The blockage of ice in Farmingdale that has caused unusually high water levels in the Kennebec River could last for days, officials said.

On Thursday, the National Weather Service again reissued a flood warning for the river in the Augusta area, saying that the Kennebec “will remain near flood stage for the next couple of days.” The water height by Calumet Bridge in Augusta had receded back below the official flood cutoff point of 12 feet on Friday, but around 5 p.m. it remained near flood level at 11.4 feet, which still is considered high.

Officials said warm daytime temperatures expected for Saturday likely won’t be enough to dislodge the ice jam, which formed at a narrow part of the river, causing water to flood over the banks in Hallowell and Augusta last weekend.

Mixed wintry precipitation expected on Tuesday could free up the jam, but it could just prevent runoff from flowing downstream, causing water levels to rise again.

“It’s still a waiting game,” said Tom Hawley, a forecaster in the NWS office in Gray. “How much flooding will occur before that jam moves is the problem.”

Officials are concerned that if the ice jam gives way, another one could form downstream, causing flooding in Gardiner, where water likely would back up into parking lots at Hannaford and other low-lying places along the river.

Sean Goodwin, deputy emergency management director for Kennebec County, said local communities have asked the Coast Guard to help break up the frozen section of river between Richmond and Gardiner. The Coast Guard has been handling ice jams elsewhere in the Northeast, he said, but may be able to send a vessel up the river to break ice on Wednesday.

If the ice jam breaks up on its own, he said, “it could end up in Gardiner’s lap.”

Al Nelson, Gardiner’s fire chief, said Thursday the city is keeping an eye out for that possibility.

If the ice jam in Farmingdale “decides to let go and move down, we’ve obviously got a problem,” he said.

The lack of an active flood warning on Friday doesn’t mean the danger has passed, Hawley said.

“It’s normally lower than this,” he said. “People working or living along the river need to be vigilant. It think the ice is going to be there for a while.”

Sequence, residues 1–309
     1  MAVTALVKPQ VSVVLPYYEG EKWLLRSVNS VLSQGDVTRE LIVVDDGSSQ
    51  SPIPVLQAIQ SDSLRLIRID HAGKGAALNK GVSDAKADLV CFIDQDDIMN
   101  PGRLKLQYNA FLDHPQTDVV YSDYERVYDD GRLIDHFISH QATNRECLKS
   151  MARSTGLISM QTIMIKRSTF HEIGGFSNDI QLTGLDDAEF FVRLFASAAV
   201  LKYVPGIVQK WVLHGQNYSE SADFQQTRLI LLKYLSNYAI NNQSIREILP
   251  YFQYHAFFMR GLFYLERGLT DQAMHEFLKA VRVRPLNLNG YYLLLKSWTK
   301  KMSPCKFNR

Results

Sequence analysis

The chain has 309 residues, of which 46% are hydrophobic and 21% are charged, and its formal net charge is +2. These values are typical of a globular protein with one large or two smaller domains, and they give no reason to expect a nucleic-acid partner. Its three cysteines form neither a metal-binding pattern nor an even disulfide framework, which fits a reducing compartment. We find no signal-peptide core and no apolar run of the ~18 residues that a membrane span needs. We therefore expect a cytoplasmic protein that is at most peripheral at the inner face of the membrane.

Around midnight on Jan. 13, after forecasters and emergency management officials had warned the public that impending heavy rain was expected to cause flooding, low-lying areas in Augusta and Hallowell quickly became submerged when ice dammed up the river between Farmingdale on the west bank and Randolph on the other.

Icy waters enveloped two cars and and seeped into a couple of buildings on Front Street in Augusta, according to Sean Goodwin, deputy emergency management director for Kennebec County. In Hallowell, on another Front Street in that city, 17 vehicles were partially or fully submerged by the rising water.

Ice jams in the river are not unusual in the winter, and when they do occur the river can overrun its banks with surprising speed, according to Goodwin.

The severe cold spell that gripped Maine for roughly a week in late December and early this month has aggravated the flooding potential. The cold snap froze a lot of water, which has resulted in more ice in the rivers, including the solid sheet of ice that covers the Kennebec from one bank to the other just downstream of the blockage in Farmingdale.

“We get ice jams every winter, but this winter seems especially severe,” Hawley said. “It has made a lot of ice.”

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Bill Trotter

A news reporter in coastal Maine for more than 20 years, Bill Trotter writes about how the Atlantic Ocean and the state's iconic coastline help to shape the lives of coastal Maine residents and visitors....